The alignment of our legs has evolved in a beautifully precise way, such that our weight is evenly distributed across our joints to minimise the onset of arthritis and degenerative change. If, however, the alignment of our legs changes significantly, our weight distribution places abnormal forces across the cartilage of our joints. The cartilage can wear away and lead to the development of arthritis.
Certain conditions can cause our legs to become “malaligned” which is referred to as a “deformity” in medical terms. Trauma, infection, degenerative change and congenital conditions all influence the shape of our legs and may lead to the early onset of arthritis if not corrected. Alternatively, in cases that have already started to develop arthritis, correction of the deformity may prevent progression of the problem and might temporarily relieve symptoms of pain.
Deformity correction is a procedure performed to straighten a bone that is bent or twisted in a way that is not normal. After the bone is straightened, the arm, leg, or foot has normal alignment and function.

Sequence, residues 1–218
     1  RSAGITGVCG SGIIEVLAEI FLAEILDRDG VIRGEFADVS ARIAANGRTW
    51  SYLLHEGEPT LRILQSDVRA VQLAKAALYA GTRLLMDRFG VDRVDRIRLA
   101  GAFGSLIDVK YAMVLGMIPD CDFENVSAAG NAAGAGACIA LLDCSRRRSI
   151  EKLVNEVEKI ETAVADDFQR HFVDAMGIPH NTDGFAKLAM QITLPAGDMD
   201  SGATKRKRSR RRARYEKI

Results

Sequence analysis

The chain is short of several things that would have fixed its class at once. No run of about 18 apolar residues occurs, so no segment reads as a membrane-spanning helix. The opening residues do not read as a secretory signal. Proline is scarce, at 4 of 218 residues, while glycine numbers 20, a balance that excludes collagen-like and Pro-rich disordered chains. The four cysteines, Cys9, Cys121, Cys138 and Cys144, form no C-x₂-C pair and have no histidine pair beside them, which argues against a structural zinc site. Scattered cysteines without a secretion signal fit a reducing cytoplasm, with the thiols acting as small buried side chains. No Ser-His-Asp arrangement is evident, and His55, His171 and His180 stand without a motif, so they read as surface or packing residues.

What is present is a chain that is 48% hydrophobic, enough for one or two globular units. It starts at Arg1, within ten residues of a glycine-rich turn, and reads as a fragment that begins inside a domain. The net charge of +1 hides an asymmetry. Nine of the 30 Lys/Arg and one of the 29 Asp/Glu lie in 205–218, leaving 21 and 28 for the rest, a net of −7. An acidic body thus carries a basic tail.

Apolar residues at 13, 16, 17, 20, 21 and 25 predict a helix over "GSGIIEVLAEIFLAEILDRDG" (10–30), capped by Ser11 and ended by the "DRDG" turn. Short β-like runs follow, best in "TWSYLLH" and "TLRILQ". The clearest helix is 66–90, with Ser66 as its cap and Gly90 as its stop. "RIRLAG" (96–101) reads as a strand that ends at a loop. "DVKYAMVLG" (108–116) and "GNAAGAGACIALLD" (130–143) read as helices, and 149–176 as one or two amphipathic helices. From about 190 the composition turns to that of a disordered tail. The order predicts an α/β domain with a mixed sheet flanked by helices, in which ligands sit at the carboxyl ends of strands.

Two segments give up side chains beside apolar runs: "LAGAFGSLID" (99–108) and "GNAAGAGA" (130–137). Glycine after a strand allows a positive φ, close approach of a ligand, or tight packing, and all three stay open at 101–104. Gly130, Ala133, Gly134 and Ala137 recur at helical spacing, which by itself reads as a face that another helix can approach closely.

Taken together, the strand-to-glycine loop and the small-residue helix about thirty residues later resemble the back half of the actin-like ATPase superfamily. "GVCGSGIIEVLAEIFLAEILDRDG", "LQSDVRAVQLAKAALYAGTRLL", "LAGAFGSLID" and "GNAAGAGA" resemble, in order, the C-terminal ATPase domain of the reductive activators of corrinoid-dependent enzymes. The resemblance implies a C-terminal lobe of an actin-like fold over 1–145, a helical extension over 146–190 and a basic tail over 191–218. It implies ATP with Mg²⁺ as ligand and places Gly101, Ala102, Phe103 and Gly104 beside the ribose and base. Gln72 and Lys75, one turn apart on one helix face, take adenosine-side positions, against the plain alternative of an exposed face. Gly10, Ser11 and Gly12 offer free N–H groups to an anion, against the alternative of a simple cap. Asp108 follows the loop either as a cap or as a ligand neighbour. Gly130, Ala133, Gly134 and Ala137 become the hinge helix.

During deformity correction surgery, Dr. Maine makes a cut across the bone – called an osteotomy – to create two separate bone segments. After straightening the bone to the correct position, Dr. Maine will insert an internal device to keep the bones in the correct position while it heals. She may also opt to perform additional soft-tissue procedures at the same time to allow the muscles and nerves to accommodate the correction. After the bone heals, the internal device may be removed during a second procedure.
Depending on the individual deformity, Dr. Maine may also use fixator-assisted nailing or fixator-assisted plating to hold the bone segments in perfect alignment while the internal device (i.e. internal nail, rod, or plate) is applied. She will then remove it at the completion of the surgery.
Recovery times vary depending on the deformity, patient’s age, and patient’s general health and wellbeing. Before surgery, patients are screened for Vitamin D levels and to rule out infection or other potential problems that may affect the outcome of surgery.